Training for strength and training for endurance tend to cause rather different muscle adaptations. As such, endurance athletes are typically reluctant to include heavy strength training as part of their normal training, as this would undermine the principle of specificity. Vice versa, bodybuilders and strength athletes often turn their noses up at cardio in fear of compromising their precious muscles or WILKS score.
Is it true that high volumes of endurance training or cardio will interfere with strength training adaptations and muscle growth? Thankfully some researchers from Norway tackled this question.
The purpose of the study was to compare the effect on strength adaptations after 12 weeks of strength training combined with a large volume of endurance training (cardio), or strength training alone.
Well-trained cyclists with no strength training experience performed heavy strength training twice a week in addition to a high volume of endurance training over the 12-week period. A group of similar individuals performed the same strength training, but without added endurance training. Thigh muscle cross-sectional area, 1 repetition maximum (1RM) in leg exercises, squat jump performance, and peak rate of force development were measured.
Following the intervention period, both groups increased 1RM leg strength, thigh muscle cross-sectional area (muscle growth), and squat jump performance. But here is the kicker, the relative improvements in the strength training only group were greater than in the strength and endurance training group! The strength training only group increased peak rate of force development while the strength and endurance training group did not.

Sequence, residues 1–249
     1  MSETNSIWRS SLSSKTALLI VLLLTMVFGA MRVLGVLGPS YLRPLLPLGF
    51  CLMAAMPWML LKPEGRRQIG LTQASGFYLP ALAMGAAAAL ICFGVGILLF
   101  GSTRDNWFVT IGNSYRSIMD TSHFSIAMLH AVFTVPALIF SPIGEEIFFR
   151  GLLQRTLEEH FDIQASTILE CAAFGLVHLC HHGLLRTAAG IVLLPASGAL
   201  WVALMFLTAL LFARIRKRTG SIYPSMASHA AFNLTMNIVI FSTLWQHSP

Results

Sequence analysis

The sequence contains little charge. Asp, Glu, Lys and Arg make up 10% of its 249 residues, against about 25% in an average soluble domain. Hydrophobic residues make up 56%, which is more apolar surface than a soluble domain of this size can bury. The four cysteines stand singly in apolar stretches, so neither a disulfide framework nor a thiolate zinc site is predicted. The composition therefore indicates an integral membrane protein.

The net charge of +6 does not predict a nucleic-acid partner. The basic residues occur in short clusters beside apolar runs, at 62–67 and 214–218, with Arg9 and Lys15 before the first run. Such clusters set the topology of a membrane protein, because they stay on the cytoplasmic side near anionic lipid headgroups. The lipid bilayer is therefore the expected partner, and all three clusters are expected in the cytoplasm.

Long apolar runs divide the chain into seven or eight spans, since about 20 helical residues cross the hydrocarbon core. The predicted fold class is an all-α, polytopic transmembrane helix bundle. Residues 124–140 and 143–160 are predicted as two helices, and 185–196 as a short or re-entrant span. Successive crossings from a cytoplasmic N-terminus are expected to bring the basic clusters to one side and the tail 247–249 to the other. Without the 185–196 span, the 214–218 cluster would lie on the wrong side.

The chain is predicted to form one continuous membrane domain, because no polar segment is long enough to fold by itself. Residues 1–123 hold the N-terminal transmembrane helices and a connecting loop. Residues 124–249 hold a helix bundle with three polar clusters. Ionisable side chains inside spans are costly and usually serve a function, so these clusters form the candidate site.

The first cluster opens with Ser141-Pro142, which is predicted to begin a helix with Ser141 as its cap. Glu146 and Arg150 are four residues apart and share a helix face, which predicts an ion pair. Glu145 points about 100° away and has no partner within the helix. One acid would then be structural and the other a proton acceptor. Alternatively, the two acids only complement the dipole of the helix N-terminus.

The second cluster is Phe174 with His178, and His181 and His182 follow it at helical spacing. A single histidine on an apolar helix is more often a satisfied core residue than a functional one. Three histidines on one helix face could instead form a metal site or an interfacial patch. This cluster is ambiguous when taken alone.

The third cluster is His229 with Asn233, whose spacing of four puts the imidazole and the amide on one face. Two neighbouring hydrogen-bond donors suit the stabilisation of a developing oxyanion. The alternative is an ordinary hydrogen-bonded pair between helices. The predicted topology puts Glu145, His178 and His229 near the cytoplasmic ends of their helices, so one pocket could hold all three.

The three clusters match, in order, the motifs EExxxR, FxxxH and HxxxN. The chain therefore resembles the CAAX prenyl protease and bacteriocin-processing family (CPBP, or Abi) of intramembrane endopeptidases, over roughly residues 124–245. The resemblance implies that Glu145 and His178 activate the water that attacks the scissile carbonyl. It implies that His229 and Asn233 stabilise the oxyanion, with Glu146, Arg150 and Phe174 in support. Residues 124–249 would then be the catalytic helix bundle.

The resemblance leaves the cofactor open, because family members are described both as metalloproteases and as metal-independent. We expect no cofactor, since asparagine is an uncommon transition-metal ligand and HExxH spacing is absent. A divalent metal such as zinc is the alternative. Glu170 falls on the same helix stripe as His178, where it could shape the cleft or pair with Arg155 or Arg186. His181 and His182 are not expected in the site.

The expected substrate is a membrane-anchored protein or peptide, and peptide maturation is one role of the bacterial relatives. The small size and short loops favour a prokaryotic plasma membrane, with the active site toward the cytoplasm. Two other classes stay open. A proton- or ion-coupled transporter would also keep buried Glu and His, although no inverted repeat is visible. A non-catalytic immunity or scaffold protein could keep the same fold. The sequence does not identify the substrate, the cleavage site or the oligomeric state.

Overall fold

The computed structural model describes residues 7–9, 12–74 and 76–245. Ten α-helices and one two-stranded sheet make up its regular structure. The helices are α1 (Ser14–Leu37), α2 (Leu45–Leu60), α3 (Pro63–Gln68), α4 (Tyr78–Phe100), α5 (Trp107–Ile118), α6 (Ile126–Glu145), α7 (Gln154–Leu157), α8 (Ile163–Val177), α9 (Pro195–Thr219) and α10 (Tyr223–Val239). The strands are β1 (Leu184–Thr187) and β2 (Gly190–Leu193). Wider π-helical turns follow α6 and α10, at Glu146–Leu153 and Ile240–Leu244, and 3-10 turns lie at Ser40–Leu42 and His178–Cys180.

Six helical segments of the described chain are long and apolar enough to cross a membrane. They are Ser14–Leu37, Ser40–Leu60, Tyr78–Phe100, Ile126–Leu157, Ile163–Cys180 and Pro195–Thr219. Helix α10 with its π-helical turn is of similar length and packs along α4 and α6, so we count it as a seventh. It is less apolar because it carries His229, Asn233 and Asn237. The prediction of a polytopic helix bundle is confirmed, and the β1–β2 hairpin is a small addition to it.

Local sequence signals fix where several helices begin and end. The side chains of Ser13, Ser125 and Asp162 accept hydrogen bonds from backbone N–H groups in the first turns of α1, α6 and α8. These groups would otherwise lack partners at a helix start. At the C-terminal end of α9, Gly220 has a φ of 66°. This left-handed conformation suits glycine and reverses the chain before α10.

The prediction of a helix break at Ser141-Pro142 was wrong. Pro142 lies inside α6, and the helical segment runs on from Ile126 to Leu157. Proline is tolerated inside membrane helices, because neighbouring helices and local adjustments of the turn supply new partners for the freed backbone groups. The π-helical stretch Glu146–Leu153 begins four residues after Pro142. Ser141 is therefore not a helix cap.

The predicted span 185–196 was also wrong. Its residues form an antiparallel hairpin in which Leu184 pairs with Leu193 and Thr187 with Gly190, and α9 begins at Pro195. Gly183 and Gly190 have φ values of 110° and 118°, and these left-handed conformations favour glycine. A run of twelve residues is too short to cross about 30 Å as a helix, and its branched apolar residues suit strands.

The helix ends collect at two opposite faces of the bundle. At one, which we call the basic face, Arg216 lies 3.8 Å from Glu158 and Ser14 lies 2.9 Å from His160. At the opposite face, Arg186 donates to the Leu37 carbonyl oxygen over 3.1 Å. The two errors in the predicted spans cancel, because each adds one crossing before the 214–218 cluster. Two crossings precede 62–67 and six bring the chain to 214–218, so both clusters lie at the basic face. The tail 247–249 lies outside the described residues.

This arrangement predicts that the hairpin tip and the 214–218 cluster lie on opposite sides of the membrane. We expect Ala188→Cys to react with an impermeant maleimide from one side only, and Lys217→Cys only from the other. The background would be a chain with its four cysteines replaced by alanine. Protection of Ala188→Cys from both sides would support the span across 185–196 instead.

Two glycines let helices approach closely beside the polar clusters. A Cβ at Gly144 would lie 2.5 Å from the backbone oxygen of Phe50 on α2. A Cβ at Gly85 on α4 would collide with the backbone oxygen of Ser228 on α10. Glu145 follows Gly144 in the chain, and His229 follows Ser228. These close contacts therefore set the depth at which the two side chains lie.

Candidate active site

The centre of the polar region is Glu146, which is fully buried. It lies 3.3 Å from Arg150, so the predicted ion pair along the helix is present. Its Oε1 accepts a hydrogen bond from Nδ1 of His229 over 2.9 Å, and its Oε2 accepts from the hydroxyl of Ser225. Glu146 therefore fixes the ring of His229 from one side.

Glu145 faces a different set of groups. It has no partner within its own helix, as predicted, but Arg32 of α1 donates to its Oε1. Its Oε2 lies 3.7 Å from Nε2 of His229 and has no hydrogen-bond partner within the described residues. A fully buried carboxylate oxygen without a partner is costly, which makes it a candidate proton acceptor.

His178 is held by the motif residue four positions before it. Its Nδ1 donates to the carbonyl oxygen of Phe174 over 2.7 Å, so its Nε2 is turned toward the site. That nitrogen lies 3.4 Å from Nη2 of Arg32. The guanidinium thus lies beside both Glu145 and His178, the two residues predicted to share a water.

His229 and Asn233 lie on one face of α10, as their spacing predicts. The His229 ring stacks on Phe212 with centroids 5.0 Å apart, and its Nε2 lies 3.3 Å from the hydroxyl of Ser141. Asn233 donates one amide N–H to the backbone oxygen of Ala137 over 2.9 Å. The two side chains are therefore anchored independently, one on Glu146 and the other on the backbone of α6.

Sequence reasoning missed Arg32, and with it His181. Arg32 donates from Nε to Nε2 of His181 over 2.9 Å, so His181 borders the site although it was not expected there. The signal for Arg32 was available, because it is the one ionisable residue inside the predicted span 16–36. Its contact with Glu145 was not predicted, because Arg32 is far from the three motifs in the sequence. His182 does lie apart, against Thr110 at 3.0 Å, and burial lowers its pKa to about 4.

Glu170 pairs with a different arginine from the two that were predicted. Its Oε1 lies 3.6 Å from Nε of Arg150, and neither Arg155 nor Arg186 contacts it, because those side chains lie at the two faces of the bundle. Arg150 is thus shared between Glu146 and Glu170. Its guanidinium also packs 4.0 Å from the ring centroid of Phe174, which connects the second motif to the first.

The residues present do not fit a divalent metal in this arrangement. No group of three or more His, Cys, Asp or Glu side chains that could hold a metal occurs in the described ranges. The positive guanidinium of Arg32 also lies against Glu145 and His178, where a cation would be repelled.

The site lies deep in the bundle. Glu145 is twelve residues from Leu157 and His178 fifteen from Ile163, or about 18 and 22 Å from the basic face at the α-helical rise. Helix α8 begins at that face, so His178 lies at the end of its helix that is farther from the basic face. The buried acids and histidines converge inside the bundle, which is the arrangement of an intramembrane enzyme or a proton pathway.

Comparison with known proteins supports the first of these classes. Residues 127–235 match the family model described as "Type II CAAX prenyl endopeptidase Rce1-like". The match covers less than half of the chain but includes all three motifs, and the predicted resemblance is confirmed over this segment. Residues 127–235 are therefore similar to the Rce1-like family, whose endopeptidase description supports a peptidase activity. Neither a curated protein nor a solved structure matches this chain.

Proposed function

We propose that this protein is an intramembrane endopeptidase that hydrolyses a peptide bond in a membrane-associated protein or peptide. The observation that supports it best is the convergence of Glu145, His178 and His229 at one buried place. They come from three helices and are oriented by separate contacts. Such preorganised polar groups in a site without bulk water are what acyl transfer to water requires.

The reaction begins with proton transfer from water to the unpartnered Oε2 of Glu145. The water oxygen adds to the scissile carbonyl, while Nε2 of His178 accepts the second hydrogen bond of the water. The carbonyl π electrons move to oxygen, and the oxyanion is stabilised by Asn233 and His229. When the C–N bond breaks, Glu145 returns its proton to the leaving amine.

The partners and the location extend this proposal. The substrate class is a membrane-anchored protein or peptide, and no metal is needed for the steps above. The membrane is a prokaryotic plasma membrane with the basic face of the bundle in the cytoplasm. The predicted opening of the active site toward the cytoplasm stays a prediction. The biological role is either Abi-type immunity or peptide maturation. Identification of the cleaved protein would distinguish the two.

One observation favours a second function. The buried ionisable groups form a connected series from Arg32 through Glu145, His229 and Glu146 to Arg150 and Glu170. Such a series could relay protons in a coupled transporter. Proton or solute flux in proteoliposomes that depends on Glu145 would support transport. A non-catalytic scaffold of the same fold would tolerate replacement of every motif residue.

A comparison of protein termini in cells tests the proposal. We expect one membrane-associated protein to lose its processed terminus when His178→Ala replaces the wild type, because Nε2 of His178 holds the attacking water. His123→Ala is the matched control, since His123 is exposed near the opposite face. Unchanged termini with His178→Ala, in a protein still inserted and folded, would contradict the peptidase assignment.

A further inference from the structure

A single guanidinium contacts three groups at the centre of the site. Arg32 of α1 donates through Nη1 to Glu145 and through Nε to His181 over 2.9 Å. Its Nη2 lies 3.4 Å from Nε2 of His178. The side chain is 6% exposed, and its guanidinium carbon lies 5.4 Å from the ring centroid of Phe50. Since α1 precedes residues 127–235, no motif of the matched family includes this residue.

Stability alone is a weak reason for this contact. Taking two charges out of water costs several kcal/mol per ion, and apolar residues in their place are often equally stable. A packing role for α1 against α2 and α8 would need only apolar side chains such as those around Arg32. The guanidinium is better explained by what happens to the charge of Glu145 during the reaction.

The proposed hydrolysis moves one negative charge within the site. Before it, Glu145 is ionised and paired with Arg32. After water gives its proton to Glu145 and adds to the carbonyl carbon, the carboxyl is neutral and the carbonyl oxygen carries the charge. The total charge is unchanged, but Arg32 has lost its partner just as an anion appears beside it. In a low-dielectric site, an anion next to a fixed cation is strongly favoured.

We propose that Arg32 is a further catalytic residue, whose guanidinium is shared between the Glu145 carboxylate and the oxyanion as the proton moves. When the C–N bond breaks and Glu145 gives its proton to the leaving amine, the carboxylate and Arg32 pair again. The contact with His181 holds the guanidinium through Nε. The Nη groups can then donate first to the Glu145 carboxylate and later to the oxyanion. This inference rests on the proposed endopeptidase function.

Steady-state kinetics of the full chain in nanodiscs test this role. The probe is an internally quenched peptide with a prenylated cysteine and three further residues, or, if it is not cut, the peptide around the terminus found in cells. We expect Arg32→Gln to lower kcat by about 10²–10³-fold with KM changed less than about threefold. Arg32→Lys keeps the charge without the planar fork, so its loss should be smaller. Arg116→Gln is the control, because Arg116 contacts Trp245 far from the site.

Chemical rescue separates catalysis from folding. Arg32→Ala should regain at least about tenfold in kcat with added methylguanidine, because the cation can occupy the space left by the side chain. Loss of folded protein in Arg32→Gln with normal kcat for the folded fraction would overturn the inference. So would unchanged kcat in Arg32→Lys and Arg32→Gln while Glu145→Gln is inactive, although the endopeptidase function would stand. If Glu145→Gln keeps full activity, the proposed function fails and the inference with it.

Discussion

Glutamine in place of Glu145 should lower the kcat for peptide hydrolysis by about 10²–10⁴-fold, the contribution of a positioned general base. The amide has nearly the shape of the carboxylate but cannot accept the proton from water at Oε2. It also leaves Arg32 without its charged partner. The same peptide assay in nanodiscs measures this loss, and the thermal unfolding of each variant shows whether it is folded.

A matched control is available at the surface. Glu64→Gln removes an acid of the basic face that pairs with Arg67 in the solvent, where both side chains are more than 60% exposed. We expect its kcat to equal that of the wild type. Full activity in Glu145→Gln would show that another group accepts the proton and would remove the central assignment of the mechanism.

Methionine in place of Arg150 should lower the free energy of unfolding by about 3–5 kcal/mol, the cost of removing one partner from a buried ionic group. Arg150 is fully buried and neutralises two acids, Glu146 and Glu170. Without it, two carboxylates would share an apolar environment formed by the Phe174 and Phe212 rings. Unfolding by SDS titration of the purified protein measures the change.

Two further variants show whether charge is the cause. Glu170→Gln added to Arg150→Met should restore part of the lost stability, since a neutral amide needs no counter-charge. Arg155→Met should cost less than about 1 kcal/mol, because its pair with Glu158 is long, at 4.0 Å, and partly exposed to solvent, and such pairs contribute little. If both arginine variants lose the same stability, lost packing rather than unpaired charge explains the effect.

To the best of the researchers’ knowledge, this was the first controlled study to demonstrate that the strength training response on muscle hypertrophy, 1RM strength, squat jump performance, and peak rate of force development is slowed in well-trained endurance athletes during a period of concurrent training (strength and cardio training combined).
If your primary intention is to get as big and as strong as possible, consult the principle of training specificity. If you want to be strong, strength train. If you want to be huge, train like a bodybuilder.
If your goals are to get fitter and to get stronger at the same time, that’s okay (both groups in this study still got stronger and bigger after all). Just remember, you won’t make as much progress in either of the pursuits concurrently compared to if you prioritised one over the other. Own that decision.
Doing excessive amounts of cardio during a contest prep while muscle anabolism is already reduced, could be a recipe for further strength and muscle losses.
If you are an endurance athlete, there are still benefits to strength training! Even when strength training was added to a high volume of endurance work, leg strength, jump height and muscle size all increased. Just because you might not grow as much as a bodybuilder in the gym 6 times a week, doesn’t mean it isn’t worth doing! It’s an interference effect, not a prevention effect!